Monday, November 23, 2009
Home Sweet Home Life on the range was really green!
When we talk about living green, our generation has nothing on the early pioneers. Living on the prairies meant building homes with little to no timber structure. These homes were constructed with earthen blocks that allowed early settlers to be warm in the winter and cool in summer. Sounds grand with the cost of heating and cooling today.
All you needed was a firm piece of ground and your John Deere plow to cut these bricks three feet long and four inches deep. Stack two or three bricks width and there you have it. The long roots of the grasses would hold the walls together. In the spring, a profusion of wild flowers would grace your roof. It sounds lovely, but there were a few drawbacks.
There are diary entries from these brave souls who stood with umbrellas over their stoves while they cooked to keep the rain from dampening dinner. Dirt would filter down and onto the occupants of the home requiring the tarps to be placed beneath the block ceiling. Worse, in my humble opinion would be the critters who would want to share your warmth, such as bugs, mice and shiver me timbers SNAKES. ( Ok I would not have made it on that account). Yet these sturdy structures provided great protection from fires which could roar around the homes and walls would keep the families and livestock safe.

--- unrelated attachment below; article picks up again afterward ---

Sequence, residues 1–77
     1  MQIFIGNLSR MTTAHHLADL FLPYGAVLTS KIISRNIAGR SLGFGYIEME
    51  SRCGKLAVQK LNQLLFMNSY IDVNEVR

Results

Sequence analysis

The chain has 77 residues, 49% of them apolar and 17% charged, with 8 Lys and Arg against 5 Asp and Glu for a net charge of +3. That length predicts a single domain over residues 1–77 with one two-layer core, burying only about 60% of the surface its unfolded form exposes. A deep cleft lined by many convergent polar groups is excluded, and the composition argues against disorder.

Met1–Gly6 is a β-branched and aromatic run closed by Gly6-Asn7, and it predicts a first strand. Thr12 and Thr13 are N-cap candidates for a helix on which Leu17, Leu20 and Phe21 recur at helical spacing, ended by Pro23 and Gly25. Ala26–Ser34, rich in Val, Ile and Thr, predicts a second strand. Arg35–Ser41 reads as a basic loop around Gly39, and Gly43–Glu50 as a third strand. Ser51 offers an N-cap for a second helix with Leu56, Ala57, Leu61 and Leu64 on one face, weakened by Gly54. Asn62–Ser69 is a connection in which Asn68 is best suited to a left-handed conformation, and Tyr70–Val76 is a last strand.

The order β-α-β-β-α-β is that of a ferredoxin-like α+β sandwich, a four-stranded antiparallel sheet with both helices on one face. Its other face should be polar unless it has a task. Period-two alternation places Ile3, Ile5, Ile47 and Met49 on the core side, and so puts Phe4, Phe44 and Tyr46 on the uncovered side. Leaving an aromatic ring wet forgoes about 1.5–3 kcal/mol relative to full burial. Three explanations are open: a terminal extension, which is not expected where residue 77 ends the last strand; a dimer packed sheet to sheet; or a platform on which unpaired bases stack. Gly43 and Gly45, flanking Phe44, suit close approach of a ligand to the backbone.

Don't think that these structures were primitive. While most might be constructed in a single room design, other homes had designs of two, possibly three rooms. Often those rooms would be separated by blankets or tarps. Some sod homes had wall paper walls. The 1872 Montgomery Wards Catalog carried window frames for sod homes!
To read more of course, pick up the Little House on the Prairie books by Laura Inglis Wilder.